In the intervention group, patients were treated with ivermectin (14 mg every 12 hours for three days) in addition to the standard treatment based on Iran's Internal Guidelines (11). In contrast, the second group received standard therapy with a placebo administered once every 12 hours for three days.

Based on Iran's National Guidelines for COVID-19 treatment protocol, dexamethasone 8 mg (IVI) for a maximum of 10 days, Remdesivir 200 mg (IVI) on the first day, and then 100 mg (IVI) daily for five days, enoxaparin 40 mg subcutaneously once daily (for venous thromboembolism prophylaxis), were administered to all participants as standard treatment. Additionally, supplemental oxygen and symptomatic therapy (for fever, pain, cough, malaise, sore throat, etc.) were applied if needed. Both groups measured all cases' signs and symptoms, conducted physical examinations, and assessed laboratory test results daily. Furthermore, a low-dose chest CT-scan without contrast was performed on all patients on admission and discharge day. All findings were recorded in a standard checklist.

3.5. Outcomes

Primary endpoints included improving the patient's general condition, maintaining O2 saturation ≥ 94% in ambient air without respiratory distress, and being fever-free for at least 72 hours. Secondary endpoints in the study included the requirement for patient transfer to the ICU throughout the study, intubation rate, morbidity and mortality rates, duration of hospitalization, time required for resolution of signs and symptoms, chest CT-scan findings, and laboratory data upon admission and on the last day of the study (at discharge or at the conclusion of the previous chest CT-scan in deceased patients). The Visual Analog Scale was used as a questionnaire to assess the time needed to resolve the patient’s signs and symptoms during hospitalization. The time to symptom resolution was defined as the period between the onset of the patients’ symptoms and the first day they rated their symptoms as 0 (the lowest possible score) (12). We compared the level of lung involvement in the two groups before and after the trial using chest CT-scan intensity grading (grade 1 = mild, grade 2 = moderate, and grade 3 = severe) as mentioned in the study by Saeed et al. (13). All patients were clinically assessed for side effects, allergies, and possible reactions to ivermectin. Additionally, we measured the six-minute walking distance (6-MWD) as an objective measure for respiratory recovery in both groups and compared the results (14).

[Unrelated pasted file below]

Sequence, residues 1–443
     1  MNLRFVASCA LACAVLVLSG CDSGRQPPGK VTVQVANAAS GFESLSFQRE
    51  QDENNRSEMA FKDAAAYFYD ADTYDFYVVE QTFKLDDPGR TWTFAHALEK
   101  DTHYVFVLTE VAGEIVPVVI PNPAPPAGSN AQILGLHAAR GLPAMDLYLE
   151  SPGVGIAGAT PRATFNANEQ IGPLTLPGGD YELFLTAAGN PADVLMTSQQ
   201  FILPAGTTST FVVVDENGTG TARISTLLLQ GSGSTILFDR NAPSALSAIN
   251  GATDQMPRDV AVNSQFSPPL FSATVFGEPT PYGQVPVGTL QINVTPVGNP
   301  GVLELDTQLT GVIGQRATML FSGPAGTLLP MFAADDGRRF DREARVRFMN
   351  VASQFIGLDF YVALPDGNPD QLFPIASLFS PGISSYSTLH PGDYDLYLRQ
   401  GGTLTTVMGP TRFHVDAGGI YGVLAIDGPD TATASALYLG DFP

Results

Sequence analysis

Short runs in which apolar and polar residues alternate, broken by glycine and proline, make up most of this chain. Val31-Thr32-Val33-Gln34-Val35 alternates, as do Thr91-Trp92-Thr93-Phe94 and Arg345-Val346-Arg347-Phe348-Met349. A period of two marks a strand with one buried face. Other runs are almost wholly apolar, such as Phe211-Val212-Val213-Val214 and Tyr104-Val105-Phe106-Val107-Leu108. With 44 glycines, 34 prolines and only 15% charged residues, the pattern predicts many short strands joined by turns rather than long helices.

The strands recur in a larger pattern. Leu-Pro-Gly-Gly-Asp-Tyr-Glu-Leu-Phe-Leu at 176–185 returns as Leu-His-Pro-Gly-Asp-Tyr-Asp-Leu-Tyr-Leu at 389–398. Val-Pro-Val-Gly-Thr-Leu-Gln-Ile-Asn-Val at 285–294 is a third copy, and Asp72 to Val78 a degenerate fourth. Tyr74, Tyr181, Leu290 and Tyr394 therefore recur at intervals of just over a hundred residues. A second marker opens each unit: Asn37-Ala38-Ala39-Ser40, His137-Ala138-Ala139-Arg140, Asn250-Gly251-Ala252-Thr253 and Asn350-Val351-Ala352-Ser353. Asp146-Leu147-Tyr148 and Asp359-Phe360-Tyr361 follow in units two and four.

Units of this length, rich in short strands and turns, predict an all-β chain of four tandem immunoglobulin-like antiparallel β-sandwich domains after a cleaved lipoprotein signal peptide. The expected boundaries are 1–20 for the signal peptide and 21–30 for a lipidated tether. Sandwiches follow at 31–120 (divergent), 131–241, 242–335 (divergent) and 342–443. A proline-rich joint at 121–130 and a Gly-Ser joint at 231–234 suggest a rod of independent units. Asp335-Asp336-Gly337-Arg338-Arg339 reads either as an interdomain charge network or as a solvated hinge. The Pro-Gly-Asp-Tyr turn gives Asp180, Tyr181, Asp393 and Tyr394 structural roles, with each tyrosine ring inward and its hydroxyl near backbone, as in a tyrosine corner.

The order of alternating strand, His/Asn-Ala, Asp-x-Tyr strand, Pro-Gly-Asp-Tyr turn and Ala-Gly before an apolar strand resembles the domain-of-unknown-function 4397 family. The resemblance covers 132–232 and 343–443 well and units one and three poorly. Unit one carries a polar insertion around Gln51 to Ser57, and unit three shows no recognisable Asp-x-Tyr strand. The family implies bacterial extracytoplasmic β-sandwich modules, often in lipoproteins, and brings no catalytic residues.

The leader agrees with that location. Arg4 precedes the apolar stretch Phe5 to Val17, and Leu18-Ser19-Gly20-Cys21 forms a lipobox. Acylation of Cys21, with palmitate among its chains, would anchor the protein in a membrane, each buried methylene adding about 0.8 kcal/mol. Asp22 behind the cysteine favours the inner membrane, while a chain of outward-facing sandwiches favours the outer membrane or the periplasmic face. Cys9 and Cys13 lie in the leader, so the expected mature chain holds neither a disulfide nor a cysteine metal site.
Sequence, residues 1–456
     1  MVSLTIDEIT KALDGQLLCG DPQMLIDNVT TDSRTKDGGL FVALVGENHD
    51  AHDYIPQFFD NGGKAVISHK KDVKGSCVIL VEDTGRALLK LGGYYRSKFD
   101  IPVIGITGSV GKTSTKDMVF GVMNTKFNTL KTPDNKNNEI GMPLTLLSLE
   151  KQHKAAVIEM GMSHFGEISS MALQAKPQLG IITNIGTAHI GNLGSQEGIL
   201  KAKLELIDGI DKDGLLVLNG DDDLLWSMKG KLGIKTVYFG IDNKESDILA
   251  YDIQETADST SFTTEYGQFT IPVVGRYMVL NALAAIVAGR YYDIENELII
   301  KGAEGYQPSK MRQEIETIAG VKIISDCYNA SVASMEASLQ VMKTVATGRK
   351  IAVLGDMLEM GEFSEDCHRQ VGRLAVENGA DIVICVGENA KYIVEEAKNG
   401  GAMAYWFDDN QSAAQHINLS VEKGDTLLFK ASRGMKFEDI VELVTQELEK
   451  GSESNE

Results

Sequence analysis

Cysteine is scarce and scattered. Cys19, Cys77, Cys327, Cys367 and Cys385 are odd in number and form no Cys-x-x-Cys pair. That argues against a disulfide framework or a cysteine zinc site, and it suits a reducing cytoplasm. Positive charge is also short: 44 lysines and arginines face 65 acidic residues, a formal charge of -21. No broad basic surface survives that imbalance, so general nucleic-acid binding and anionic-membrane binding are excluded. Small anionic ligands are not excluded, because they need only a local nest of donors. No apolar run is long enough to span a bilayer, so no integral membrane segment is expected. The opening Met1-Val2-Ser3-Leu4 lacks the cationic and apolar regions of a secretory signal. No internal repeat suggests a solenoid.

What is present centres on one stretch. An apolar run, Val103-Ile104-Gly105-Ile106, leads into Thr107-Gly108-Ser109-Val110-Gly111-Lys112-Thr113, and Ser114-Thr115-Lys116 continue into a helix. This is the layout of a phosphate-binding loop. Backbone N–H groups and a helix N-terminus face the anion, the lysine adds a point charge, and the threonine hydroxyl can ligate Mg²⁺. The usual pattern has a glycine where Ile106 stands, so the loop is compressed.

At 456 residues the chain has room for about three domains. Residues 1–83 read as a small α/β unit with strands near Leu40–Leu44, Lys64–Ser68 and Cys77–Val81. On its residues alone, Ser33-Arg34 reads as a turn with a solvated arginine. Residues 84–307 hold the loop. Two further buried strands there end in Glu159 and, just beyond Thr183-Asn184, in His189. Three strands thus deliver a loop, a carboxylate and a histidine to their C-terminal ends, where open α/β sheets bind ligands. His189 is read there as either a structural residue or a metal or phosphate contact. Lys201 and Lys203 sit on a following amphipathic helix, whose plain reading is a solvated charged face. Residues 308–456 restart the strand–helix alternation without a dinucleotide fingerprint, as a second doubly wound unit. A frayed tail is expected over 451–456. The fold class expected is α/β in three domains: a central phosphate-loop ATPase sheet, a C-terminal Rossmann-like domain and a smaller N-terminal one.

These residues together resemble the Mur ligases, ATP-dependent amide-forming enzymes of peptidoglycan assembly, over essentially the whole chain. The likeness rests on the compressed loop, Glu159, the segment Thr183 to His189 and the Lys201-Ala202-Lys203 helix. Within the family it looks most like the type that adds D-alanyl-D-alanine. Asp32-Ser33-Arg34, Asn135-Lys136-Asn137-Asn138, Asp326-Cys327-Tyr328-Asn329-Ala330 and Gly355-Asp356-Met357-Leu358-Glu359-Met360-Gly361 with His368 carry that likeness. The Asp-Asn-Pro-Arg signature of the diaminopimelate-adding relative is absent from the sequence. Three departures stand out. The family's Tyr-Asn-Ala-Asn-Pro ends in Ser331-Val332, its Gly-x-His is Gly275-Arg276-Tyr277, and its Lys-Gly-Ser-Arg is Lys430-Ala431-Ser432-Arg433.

3.6. Sample Size Calculation

Considering the clinical trial design of the study and the main binary outcomes (survival and ICU admission), assuming alpha = 0.05 and power = 0.8 (β = 0.20), and the proportion of cases exposed to adverse outcomes and good prognosis in each parallel group based on the findings of previous similar studies (12), the following formula was used to calculate the sample size in both parallel groups:

N=zα2+zβ2p1q1+p2q2X217

Considering the effect size (x) of 0.2, the required sample size for each group was at least 17 cases. However, this clinical trial was continued to obtain more accurate results until the maximum sample size of eligible patients was fully investigated.

3.7. Statistical Analysis

In this study, continuous variables were reported as mean ± SD or median, and differences between groups were examined using the independent sample t-test or the Mann-Whitney test. Categorical variables were reported as number and percentage, and the differences in categorical variables were assessed using the chi-square or Fisher's exact test. Data were analyzed using SPSS 21, and P-values < 0.05 were considered statistically significant.